Content is Crucial – Part one: the SEO specialist
If you don’t understand Search Engine Optimisation (SEO) it’s easy to be scared by it. SEO is one of the most hotly discussed topics amongst the small business owners I meet. So, for the first in my 'Content is Crucial' blog series, I've interviewed a good friend of mine, Cathy Houghton, an SEO specialist, to shed some light on what SEO is all about and the crucial role that quality content plays in achieving it.
Look out for three more 'Content is Crucial' interviews coming up in the coming months with experts who couldn't do their job without great content: web designer, graphic designer and video producer. But for now, over to Cathy...
Many small business owners are confused by SEO. Can you explain it in simple terms?
Imagine spending £1,000 on a really clever poster and then putting it in the middle of a field. You can spend a lot of money building a great looking website but if you don’t optimise the content for Google, nobody will ever see it and your investment will be worthless.
Customers will find your website either through being aware of your business by name or having a need for your product or service. The latter is where SEO comes into play. SEO is about giving your site the best chance of being chosen by Google.
A website without SEO has the same impact as a fantastic poster placed in this field!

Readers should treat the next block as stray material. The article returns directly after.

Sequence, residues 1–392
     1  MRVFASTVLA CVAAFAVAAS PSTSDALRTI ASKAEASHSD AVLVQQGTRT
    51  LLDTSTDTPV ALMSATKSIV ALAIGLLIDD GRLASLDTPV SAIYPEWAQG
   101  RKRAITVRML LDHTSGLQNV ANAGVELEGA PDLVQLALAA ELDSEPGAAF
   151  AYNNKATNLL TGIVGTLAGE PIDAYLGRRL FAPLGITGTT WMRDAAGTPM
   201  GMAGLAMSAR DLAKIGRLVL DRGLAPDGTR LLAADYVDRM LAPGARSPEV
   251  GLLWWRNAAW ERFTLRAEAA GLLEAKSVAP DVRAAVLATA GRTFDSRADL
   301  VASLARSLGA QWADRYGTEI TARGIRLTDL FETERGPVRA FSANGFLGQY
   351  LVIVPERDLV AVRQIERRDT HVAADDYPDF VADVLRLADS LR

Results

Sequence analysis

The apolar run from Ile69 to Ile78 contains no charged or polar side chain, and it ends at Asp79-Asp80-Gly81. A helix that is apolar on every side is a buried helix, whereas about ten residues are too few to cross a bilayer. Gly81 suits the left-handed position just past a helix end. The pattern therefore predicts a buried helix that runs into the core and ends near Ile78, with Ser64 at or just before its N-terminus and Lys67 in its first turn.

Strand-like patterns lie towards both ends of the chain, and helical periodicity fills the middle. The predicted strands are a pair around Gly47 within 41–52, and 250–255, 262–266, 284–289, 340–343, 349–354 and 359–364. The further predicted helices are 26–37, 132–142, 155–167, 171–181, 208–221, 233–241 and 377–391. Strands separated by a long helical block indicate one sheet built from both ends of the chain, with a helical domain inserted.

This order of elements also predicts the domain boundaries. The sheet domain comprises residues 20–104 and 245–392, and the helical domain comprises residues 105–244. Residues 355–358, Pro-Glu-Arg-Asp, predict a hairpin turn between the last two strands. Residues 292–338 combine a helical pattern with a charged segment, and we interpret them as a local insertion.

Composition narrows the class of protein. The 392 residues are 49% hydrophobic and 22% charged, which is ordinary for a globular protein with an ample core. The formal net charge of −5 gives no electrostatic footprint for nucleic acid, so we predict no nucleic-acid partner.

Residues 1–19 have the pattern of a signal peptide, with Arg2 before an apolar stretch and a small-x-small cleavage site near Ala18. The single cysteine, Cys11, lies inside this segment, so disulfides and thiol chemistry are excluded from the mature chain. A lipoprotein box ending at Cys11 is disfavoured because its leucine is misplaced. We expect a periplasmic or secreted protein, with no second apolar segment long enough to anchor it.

What are Google bots and what happens when they ‘crawl’ my website?
Google bots are like little spiders that crawl around your website to index interesting and relevant pieces of information. The results form the basis of your Google ranking.
Google uses the bots and it’s algorithm to rank your website against hundreds of different criteria. Just like a bank’s security codes, the algorithm is constantly changing, so anyone who claims to know everything about the algorithm and how to get you to the top of page one is probably making a false claim. The algorithm is an unknown entity. Getting a top ranking on Google is not just about spending time on SEO, other factors such as external competition can affect your ranking too.
From an SEO perspective, what makes a great website?
The best websites are optimised for both people and Google. There’s no point optimising your website for Google if the content is going to turn people off when they get there. You should have clear key messages on your homepage so the reader becomes engaged and instantly knows they are in the right place. The rest of your site should combine a balanced mix of images, video and quality content.
Why is having quality content so crucial for a website?
Google recognises great content so it’s important the words on your pages flow and are easy to read. Whatever you claim to do on your homepage, you should provide more in-depth information on it on other pages on your site. This is where using a professional copywriter can really add value. They can craft clever and concise messaging that’s relevant to your audience, and break the copy up into bite-sized chunks. Quality copy is vital as it helps the Google bots understand who you are, what you offer and the location/s you operate in.